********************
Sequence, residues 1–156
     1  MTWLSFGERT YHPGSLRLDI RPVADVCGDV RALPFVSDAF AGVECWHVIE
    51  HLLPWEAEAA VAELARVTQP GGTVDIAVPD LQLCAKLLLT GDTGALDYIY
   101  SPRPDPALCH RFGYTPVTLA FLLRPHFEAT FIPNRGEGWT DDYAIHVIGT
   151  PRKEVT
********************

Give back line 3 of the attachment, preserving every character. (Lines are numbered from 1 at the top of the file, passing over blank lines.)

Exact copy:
    51  HLLPWEAEAA VAELARVTQP GGTVDIAVPD LQLCAKLLLT GDTGALDYIY